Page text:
THE GUARDIAN: James Hansen, one of the world’s leading climate scientists, will today call for the chief executives of large fossil fuel companies to be put on trial for high crimes against humanity and nature, accusing them of actively spreading doubt about global warming in the same way that tobacco companies blurred the links between smoking and cancer. Hansen will use the symbolically charged 20th anniversary of his groundbreaking speech (pdf) to the US Congress — in which he was among the first to sound the alarm over the reality of global warming – to argue that radical steps need to be taken immediately if the “perfect storm” of irreversible climate change is not to become inevitable. Speaking before Congress again, he will accuse the chief executive officers of companies such as ExxonMobil and Peabody Energy of being fully aware of the disinformation about climate change they are spreading. In an interview with the Guardian he said: “When you are in that kind of position, as the CEO of one the primary players who have been putting out misinformation even via organisations that affect what gets into school textbooks, then I think that’s a crime.” MORE
WHO IS: Dr. James Hansen heads the NASA Institute for Space Studies in New York City, which is a division of Goddard Space Flight Center’s (Greenbelt, MD), Earth Sciences Directorate. He was trained in physics and astronomy in the space science program of Dr. James Van Allen at the University of Iowa. His early research on the properties of clouds of Venus led to their identification as sulfuric acid. Since the late 1970s, he has worked on studies and computer simulations of the Earth’s climate, for the purpose of understanding the human impact on global climate. Dr. Hansen is best known for his testimony on climate change to congressional committees in the 1980s that helped raise broad awareness of the global warming issue. Dr. Hansen was elected to the National Academy of Sciences in 1995 and he received the prestigious Heinz Environment Award for his research on global warming in 2001. [via 350 CAMPAIGN]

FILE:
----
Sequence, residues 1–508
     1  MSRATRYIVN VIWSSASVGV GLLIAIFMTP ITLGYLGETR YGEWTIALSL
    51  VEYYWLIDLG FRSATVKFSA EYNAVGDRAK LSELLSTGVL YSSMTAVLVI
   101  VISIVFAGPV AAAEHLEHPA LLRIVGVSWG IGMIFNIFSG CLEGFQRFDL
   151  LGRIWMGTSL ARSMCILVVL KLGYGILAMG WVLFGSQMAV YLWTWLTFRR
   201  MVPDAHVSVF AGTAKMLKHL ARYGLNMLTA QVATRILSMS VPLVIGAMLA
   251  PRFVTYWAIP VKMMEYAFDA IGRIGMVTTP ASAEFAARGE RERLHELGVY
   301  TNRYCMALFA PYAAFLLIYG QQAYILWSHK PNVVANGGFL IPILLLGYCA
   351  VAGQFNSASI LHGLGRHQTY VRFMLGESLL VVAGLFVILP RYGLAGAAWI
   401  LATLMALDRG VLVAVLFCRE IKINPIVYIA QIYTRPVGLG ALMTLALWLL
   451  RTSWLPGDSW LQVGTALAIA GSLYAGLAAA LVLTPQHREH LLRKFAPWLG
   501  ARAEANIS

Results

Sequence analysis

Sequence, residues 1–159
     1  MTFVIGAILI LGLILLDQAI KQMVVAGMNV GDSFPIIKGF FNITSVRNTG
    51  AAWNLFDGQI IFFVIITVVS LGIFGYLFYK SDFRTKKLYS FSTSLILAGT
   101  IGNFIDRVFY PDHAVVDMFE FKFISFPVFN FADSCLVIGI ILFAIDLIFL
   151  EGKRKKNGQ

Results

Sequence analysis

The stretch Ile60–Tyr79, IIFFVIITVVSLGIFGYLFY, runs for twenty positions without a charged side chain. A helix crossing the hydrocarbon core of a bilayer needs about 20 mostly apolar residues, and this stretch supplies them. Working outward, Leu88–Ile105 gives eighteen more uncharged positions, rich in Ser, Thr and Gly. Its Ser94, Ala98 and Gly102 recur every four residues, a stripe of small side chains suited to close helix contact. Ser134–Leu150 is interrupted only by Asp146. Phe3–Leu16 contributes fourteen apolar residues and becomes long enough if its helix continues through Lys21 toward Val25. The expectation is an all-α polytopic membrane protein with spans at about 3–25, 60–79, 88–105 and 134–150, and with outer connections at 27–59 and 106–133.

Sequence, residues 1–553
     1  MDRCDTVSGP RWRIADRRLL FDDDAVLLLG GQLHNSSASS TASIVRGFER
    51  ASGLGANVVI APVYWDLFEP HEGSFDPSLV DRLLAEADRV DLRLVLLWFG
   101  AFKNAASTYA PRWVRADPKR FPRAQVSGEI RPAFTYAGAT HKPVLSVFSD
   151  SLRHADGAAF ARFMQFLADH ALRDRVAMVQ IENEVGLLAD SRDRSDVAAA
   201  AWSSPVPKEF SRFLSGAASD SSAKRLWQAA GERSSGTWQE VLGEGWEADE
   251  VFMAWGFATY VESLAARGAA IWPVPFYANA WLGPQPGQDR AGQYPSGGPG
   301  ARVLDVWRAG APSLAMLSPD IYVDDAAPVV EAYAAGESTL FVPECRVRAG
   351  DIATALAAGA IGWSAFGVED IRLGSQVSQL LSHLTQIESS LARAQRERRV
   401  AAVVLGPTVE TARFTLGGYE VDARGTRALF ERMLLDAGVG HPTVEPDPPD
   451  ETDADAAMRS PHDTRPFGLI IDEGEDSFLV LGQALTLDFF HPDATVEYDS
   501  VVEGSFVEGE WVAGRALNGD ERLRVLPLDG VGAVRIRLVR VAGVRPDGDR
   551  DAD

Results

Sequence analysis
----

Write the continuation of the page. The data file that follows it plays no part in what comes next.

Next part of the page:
THE 350 CAMPAIGN: If humanity wishes to preserve a planet similar to that on which civilization developed and to which life on Earth is adapted, paleoclimate evidence and ongoing climate change suggest that CO2 will need to be reduced from its current 385 ppm to at most 350 ppm.
There are three numbers you need to really understand global warming, none of them very complicated. For all of human history until about 200 years ago, our atmosphere contained 275 parts per million of carbon dioxide (that’s the first number). Parts per million simply means the ratio of the number of carbon dioxide molecules per million other molecules in the atmosphere. That much CO2 is useful—without it the earth would be very cold, like Mars. So we need some carbon in the atmosphere; the question is how much?
Beginning in the 18th century, we started to burn coal and gas and oil to produce energy and goods. The amount of carbon in the atmosphere began to rise, at first slowly and now more quickly. Many of the activities we do every day like turning the lights on, cooking food, or heating or cooling our homes rely on energy sources like coal and oil that emit carbon dioxide and other heat-trapping gases into the atmosphere. We’re taking millions of years worth of carbon, stored beneath the earth as fossil fuels, and releasing it into the atmosphere. By now—and this is the second number—the planet has 387 parts per million CO2 – and this number is rising by about 2 parts per million every year. MORE